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Neonatology. 2014;106(2):149-55. doi: 10.1159/000362433. Epub 2014 Jun 26.

GABA, resting-state connectivity and the developing brain.

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  • 1Department of Pediatrics, Yale School of Medicine, New Haven, Conn., USA.



Preclinical data demonstrate that gamma-aminobutyric acid (GABA) interneurons initiate connectivity in the developing brain.


The goal of this study was to compare GABA concentration and its relationship to functional connectivity in the brains of term and preterm infants at term-equivalent age.


Infants received both magnetic resonance spectroscopy (MRS) and functional magnetic resonance imaging (fMRI) scans at term-equivalent age. Whole brain functional connectivity MRI data using intrinsic connectivity distribution maps were compared to identify areas with differences in resting-state functional connectivity between the preterm and term control groups. MRS measured concentrations of GABA, glutamate, N-acetyl-aspartate (NAA) and choline; NAA/choline was then calculated for comparison between the 2 groups.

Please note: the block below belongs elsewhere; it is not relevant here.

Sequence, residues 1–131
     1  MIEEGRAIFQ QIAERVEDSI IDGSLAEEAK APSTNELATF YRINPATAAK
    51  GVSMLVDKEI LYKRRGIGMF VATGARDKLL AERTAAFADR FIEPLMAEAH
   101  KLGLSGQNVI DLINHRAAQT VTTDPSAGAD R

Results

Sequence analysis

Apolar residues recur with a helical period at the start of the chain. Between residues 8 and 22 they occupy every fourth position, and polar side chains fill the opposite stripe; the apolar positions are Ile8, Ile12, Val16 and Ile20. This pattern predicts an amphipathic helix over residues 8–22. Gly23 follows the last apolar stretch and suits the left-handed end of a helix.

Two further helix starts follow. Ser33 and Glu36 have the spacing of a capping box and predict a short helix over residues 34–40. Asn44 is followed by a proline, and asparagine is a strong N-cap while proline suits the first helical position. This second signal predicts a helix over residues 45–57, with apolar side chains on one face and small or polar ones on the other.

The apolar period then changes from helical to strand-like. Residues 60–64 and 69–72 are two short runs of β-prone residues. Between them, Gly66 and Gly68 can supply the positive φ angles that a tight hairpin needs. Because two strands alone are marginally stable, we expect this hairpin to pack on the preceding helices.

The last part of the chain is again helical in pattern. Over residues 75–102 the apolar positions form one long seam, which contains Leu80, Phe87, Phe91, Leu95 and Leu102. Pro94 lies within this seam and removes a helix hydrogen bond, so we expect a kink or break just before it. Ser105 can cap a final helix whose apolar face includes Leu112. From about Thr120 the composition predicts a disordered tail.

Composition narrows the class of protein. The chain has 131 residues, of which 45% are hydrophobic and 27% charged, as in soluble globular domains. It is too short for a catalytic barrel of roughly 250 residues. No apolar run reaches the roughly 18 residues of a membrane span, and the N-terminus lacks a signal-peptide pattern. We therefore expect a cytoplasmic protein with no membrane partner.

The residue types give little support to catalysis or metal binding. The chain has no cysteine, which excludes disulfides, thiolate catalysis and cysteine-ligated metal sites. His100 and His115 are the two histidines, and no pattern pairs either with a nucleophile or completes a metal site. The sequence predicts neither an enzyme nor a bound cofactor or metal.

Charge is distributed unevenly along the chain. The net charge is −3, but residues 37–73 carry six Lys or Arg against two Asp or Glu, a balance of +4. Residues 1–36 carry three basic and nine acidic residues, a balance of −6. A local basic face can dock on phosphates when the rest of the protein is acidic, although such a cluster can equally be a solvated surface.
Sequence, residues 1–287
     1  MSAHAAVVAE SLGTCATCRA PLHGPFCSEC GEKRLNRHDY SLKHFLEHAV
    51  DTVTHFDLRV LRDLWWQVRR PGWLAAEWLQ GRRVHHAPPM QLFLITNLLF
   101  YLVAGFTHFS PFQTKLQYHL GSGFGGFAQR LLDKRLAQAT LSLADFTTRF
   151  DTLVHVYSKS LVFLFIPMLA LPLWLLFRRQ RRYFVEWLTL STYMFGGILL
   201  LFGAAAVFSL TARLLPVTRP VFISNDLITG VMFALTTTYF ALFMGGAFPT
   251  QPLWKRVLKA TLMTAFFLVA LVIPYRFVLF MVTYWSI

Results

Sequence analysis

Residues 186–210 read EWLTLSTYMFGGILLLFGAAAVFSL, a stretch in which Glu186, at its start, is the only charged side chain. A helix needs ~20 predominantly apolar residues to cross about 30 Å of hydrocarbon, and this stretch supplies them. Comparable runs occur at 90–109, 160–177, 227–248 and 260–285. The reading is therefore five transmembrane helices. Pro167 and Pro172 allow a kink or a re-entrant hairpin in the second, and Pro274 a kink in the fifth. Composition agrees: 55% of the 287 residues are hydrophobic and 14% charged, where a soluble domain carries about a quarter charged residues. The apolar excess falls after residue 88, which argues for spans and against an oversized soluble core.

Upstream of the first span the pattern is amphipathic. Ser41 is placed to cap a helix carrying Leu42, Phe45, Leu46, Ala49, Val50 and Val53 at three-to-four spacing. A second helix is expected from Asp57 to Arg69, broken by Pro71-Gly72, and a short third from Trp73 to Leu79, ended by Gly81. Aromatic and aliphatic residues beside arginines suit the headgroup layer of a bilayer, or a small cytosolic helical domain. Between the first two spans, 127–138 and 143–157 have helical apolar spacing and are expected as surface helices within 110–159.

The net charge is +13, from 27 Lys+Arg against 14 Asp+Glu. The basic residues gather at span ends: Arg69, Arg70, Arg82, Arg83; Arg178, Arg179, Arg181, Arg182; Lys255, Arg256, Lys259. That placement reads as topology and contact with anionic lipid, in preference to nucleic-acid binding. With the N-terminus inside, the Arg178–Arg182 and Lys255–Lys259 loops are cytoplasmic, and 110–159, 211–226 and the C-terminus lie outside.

Preterm infants had lower right frontal GABA and glutamate concentrations than term controls and showed a significantly different relationship between connectivity and GABA concentration in the right frontal lobe. Preterm infants had a positive correlation between GABA concentration and connectivity, while term controls demonstrated a negative correlation between these two developmentally regulated parameters.


These results suggest that regional GABA concentrations are associated with normal and altered neonatal resting-state connectivity.

© 2014 S. Karger AG, Basel.

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[Available on 2015-06-26]
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